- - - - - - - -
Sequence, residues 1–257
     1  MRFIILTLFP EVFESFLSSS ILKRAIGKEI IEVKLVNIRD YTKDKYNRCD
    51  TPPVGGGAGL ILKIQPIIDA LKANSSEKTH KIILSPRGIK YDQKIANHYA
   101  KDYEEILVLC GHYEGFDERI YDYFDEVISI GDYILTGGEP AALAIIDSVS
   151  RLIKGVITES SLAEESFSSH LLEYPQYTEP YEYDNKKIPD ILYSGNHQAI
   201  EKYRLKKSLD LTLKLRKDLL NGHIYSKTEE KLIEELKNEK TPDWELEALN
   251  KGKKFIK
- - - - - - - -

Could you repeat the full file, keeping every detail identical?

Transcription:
Sequence, residues 1–257
     1  MRFIILTLFP EVFESFLSSS ILKRAIGKEI IEVKLVNIRD YTKDKYNRCD
    51  TPPVGGGAGL ILKIQPIIDA LKANSSEKTH KIILSPRGIK YDQKIANHYA
   101  KDYEEILVLC GHYEGFDERI YDYFDEVISI GDYILTGGEP AALAIIDSVS
   151  RLIKGVITES SLAEESFSSH LLEYPQYTEP YEYDNKKIPD ILYSGNHQAI
   201  EKYRLKKSLD LTLKLRKDLL NGHIYSKTEE KLIEELKNEK TPDWELEALN
   251  KGKKFIK